International Symposium: Collective Healing of Traumas: New Possibilities for Peace in Communities 24 Sept 2019

Collective and community initiatives can empower those suffering from the wounds of a violent past to collaborate towards mutual healing, thus creating new possibilities for peace.

To better understand the significance of these community-rooted collective healing endeavours, the GHFP and the UNESCO Slave Route Project hosted a one-day International Symposium, at the Royal Society for the Arts in London.

The event brought together practitioners and scholars who have experiences and expertise in the field of communal and collective healing of mass traumas, for an intimate dialogue focused around three core questions:

  1. What are the typical psychological and social symptoms encountered in communities resulting from the experience and legacies of past atrocities?
  2. What might constitute collective healing in these situations? 
  3. How do community-based processes and practices contribute to collective healing? (And how would the community evaluate collective healing? What are the relevant indicators that some healing has taken place?)

Presentations included the Australia’s journey of healing through the Sorry Day marches, the Healing the Wounds of History programme in Lebanon, Foresee Research Group’s restorative healing approaches in Hungary, critical reflection on the structural conditions of healing from the perspectives of South Africa’s Truth and Reconciliation, the Initiatives of Change International’s Trustbuilding in the communities programme, and the Peace Charter of Forgiveness and Reconciliation.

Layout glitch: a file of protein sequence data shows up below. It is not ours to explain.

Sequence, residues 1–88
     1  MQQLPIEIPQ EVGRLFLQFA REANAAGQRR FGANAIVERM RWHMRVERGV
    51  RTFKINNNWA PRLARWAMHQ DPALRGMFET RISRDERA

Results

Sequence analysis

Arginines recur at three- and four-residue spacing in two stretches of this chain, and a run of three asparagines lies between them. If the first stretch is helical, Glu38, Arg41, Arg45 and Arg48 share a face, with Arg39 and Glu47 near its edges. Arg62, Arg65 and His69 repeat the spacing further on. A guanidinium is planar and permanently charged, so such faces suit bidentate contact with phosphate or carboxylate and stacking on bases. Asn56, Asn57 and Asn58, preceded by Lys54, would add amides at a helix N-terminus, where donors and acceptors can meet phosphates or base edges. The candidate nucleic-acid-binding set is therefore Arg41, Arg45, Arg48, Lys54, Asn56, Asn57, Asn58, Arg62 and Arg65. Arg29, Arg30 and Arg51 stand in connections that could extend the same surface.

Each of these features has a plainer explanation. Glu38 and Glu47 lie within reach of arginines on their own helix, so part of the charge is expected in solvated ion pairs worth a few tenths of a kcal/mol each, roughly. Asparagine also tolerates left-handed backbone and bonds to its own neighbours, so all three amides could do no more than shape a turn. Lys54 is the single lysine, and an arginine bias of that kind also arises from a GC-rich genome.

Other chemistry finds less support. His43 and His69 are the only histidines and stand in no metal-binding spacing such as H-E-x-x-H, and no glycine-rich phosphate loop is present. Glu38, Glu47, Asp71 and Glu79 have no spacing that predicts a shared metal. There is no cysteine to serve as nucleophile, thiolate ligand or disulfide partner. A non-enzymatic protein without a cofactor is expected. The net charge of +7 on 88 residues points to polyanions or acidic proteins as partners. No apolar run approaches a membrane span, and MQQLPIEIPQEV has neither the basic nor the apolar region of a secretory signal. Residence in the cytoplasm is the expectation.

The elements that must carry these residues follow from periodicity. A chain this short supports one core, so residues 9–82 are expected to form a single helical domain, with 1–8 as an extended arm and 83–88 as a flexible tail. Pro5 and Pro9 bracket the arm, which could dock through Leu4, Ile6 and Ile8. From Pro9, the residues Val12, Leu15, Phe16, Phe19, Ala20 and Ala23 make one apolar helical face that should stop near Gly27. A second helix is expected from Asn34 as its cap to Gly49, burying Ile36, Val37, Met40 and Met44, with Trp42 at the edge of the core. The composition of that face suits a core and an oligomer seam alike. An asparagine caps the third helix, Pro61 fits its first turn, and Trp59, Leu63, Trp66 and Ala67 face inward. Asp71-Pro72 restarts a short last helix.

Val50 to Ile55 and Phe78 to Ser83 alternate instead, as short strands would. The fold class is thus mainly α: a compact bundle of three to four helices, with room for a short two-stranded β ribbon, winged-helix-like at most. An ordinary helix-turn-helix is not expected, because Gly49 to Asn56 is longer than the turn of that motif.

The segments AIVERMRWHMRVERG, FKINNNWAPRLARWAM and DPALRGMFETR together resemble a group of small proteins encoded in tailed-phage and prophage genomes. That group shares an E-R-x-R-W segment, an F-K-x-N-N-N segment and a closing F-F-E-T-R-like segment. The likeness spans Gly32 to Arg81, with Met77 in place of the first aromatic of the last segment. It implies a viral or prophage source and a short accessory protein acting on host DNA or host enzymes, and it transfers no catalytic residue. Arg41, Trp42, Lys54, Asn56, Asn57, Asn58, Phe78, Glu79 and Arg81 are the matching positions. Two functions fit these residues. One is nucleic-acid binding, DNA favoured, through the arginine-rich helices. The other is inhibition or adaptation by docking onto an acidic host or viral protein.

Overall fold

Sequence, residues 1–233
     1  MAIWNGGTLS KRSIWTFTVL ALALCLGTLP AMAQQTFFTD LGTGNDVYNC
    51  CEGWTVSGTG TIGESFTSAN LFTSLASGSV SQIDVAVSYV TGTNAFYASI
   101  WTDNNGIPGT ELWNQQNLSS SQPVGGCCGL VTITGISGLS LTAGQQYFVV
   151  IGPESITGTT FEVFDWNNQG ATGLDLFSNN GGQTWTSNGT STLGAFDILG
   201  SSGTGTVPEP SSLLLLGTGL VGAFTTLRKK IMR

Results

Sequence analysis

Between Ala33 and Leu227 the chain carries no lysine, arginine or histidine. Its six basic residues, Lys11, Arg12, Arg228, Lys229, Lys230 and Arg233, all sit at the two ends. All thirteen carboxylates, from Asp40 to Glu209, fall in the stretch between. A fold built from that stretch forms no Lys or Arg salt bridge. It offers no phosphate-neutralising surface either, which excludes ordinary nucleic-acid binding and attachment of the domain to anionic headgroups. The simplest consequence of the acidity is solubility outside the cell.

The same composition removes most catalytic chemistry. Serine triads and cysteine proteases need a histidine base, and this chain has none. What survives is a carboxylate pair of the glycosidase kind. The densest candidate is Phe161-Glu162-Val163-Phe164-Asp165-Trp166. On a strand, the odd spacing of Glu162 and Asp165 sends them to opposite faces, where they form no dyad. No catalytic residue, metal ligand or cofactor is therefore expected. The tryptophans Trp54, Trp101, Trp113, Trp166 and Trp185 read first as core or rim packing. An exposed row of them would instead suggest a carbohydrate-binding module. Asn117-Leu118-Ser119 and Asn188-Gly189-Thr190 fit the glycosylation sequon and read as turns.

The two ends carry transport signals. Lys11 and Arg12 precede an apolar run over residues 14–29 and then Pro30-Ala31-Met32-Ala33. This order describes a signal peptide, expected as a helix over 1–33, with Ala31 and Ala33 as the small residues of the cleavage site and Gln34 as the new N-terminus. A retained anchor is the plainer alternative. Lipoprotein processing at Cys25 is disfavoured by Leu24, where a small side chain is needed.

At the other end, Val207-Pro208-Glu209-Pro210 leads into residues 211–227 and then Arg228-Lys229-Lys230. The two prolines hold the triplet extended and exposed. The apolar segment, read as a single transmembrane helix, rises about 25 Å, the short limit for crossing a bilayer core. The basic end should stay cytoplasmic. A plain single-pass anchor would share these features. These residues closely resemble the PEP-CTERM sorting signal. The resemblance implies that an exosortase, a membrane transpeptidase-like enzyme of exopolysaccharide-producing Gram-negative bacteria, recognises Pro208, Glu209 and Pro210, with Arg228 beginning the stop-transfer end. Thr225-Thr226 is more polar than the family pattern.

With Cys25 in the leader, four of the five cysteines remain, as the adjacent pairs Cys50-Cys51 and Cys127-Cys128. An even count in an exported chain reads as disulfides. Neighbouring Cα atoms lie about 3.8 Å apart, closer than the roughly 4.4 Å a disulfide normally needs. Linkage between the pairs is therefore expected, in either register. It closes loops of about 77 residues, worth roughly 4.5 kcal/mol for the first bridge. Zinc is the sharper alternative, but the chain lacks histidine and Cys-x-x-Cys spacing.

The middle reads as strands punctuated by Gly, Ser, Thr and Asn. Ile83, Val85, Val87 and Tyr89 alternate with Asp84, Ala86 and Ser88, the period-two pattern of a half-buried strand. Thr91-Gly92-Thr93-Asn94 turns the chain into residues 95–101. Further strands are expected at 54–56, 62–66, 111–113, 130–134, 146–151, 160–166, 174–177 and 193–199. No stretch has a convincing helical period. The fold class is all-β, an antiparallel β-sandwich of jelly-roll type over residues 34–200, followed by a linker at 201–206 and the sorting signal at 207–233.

Read HERE Collective_Healing_Mass_Trauma_Concept_Note.

Please return soon for links to videos of presentations and other information following the event.

International Seminar 2014

International Seminar on Memory, Trauma and Post-Conflict Peacebuilding
4th April 2014
Guerrand-Hermès Foundation for Peace,
Brighton. UK.

The aim of this seminar entitled ‘Memory, Trauma and Post-Conflict Peacebuilding’ was to explore the healing of traumatic memories in post-conflict recovery, reconstruction and peacebuilding. Our invited key speaker, Professor Vamik Volkan, drew on his nearly 40 years’ experiences in the field of international relations and peace-related diplomacy and investigate the inextricable links between large group identity, conflict and dehumanisation of the other. Vamik analysed the formation large group identities, the shared traumas of mass violence and the societal/political consequences of such atrocities. He also examined the need to interrupt the trans-generational transmissions of trauma by healing past memories, as well as the imperative to develop psychoanalytically informed diplomatic strategies for dealing with associated peacebuilding challenges.